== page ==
For the Eurofighter is the fact that it is a _known_ quantity as it is in service, whilst the F-35 is still rather an _unknown_ quantity.

There is also the mooted Super Super Hornet.

FWIW, I'd go Euro ...



Nostalgia isn't what it used to be.
User currently offlineJutes85 From , joined Dec 1969, posts, RR:
Reply 7, posted (6 years 9 months 3 weeks 4 days ago) and read 7900 times:

The more I think about it, the better choice the EuroFighter would be for Canada. I believe the price between the Eurofighter and F-35 are pretty much the same except the EF has already proven itself. Being twin-engined also helps for the large distances between airfields in Canada. The only thing I can see a problem with the EF is the part supply chain and how it would work. I don't think that waiting 2 weeks for a avionics box or something is acceptable.

[Edited 2008-01-31 18:16:57]

User currently offlineMissedApproach From Canada, joined Oct 2004, 713 posts, RR: 2
Reply 8, posted (6 years 9 months 3 weeks 4 days ago) and read 7888 times:

I read an article about a year ago that said industry insiders consider the JSF a lock for Canada.

Quoting CF188A (Reply 2):
That second GE has saved MANY CF-18s from being written

True, but consider also that while a second engine increases safety, it doesn't double it. It also addds a lot to the cost, both in purchase & maintenance. While a single engine airplane may suffer more losses due to engine failure, the reduced purchase & support costs may make it more affordable overall. So long as it doesn't increase pilot losses (our real limiting factor), I don't have anything against a single engined airplane.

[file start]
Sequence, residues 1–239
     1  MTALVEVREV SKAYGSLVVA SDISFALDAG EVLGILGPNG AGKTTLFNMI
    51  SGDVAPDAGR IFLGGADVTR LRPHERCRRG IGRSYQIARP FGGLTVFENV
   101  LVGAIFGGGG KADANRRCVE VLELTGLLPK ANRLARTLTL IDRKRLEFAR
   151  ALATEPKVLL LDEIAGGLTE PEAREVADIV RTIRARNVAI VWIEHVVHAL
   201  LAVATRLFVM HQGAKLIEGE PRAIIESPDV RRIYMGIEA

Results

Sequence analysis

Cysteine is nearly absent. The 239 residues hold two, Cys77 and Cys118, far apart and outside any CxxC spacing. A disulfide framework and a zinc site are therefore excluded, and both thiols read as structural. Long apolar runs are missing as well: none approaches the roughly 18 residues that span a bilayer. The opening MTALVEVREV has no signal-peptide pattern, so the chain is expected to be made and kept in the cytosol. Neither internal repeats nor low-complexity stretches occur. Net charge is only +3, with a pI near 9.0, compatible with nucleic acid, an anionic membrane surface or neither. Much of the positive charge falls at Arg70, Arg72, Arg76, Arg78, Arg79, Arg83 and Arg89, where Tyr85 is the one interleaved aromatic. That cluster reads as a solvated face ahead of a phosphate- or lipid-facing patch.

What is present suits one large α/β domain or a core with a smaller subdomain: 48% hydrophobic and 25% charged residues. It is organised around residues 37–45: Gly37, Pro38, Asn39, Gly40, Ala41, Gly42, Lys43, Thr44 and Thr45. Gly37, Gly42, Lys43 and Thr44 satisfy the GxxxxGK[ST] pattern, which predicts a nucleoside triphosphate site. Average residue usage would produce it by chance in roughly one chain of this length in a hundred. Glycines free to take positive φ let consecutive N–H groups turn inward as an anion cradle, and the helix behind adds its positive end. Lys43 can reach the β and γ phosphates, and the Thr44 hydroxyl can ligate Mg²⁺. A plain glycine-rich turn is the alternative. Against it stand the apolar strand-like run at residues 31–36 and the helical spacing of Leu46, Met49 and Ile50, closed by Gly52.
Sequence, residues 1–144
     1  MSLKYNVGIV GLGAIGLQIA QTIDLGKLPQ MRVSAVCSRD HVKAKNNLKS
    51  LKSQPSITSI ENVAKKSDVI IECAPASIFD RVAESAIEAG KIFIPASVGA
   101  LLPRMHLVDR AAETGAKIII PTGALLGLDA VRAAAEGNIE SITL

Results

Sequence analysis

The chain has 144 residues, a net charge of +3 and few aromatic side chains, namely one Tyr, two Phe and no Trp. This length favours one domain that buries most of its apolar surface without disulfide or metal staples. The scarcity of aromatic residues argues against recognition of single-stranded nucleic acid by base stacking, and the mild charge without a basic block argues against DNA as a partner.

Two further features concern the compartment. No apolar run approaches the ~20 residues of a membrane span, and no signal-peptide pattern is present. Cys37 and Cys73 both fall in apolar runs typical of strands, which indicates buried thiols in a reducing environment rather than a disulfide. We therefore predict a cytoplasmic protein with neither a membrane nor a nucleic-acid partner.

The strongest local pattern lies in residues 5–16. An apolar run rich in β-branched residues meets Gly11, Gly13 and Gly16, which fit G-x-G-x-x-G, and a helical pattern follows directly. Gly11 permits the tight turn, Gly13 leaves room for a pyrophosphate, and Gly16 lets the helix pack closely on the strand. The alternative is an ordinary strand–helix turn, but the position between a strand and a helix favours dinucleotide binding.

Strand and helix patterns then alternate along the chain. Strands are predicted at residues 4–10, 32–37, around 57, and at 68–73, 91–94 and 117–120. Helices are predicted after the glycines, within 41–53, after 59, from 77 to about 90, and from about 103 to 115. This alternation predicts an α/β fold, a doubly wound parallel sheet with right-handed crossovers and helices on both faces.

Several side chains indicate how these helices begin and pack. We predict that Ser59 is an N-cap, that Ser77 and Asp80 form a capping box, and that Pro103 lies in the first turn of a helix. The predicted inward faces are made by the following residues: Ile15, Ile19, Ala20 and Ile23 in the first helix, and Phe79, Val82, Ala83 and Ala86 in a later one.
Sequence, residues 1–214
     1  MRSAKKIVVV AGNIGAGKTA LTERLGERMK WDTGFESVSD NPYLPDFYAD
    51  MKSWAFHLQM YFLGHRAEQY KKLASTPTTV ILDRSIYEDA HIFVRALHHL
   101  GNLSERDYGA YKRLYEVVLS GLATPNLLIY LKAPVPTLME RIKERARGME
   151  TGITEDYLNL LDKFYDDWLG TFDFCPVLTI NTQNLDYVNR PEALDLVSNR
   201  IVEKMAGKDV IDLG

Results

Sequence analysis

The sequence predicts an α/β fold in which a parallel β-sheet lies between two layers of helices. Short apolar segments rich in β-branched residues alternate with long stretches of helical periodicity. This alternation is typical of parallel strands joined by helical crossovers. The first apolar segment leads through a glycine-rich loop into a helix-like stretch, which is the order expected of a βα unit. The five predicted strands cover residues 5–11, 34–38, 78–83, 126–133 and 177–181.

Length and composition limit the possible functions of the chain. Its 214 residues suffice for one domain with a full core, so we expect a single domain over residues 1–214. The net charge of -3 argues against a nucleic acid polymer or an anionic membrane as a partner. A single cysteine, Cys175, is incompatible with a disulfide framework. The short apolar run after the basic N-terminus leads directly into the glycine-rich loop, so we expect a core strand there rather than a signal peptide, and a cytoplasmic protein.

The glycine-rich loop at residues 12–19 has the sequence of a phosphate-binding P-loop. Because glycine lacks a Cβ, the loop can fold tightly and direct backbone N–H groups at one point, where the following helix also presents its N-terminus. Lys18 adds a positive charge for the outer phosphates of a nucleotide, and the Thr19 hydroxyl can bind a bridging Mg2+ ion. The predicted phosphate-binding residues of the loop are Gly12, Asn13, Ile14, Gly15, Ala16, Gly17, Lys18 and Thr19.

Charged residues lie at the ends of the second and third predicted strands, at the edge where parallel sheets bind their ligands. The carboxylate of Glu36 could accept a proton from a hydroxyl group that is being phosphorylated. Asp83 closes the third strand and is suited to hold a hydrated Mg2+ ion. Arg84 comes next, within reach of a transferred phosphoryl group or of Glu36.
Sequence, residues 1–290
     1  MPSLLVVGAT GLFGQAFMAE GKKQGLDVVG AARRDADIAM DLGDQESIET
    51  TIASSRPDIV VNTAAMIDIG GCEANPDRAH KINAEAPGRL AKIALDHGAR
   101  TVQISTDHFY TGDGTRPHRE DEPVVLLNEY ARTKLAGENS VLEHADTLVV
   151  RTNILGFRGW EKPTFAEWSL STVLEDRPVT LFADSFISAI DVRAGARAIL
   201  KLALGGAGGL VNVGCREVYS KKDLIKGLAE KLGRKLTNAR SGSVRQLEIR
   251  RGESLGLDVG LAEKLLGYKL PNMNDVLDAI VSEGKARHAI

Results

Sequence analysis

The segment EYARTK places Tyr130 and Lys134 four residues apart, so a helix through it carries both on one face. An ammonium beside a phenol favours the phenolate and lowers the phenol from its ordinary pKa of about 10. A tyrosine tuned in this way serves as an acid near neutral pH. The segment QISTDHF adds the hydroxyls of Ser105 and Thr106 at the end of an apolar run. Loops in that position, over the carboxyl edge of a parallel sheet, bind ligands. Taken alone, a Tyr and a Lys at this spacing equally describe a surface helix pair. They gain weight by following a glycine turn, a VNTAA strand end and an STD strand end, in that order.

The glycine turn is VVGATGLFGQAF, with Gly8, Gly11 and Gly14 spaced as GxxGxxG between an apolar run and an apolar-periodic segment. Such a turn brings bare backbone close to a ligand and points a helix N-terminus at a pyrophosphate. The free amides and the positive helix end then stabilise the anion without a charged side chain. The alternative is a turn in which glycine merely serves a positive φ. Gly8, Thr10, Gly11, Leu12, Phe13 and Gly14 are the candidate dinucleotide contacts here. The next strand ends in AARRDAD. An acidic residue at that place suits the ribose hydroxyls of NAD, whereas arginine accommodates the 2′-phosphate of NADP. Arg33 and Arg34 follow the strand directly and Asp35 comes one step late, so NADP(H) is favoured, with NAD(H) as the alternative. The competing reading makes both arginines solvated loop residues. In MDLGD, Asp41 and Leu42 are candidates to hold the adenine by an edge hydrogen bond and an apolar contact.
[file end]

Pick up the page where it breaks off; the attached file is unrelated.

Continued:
Quoting CF188A (Reply 2):
F-22s with the CF markings, however this is unrealistic and NEVER going to happen.

Under normal circumstances this would never happen. Given the several high profile purchases of late (C-17, C-130J), it's really impossible now.

I would like to see a two pronged approach myself. I like the Eurofighter as well, something with those capabilities would be good in the domestic role. The STOVL variant of the F-35 would be great to support our operations overseas, a role the current fighter community has been curiously absent from. On the other hand, when the F-35B goes to the USMC, imagine how cheap those AV-8B's will be!



Can you hear me now?
User currently offlineSP90 From United States of America, joined May 2006, 388 posts, RR: 0
Reply 9, posted (6 years 6 months 3 weeks 4 days 2 hours ago) and read 7296 times:

Just out of curiosity are there any structural or avionics differences between the CF-18A/Bs and the USN's F/A-18A/Bs? I spot what looks like a fake canopy painted on the bottom but is there anything significant that might disqualify the CF-18 from carrier operations?

User currently offlineCYQL From Canada, joined Sep 2006, 86 posts, RR: 1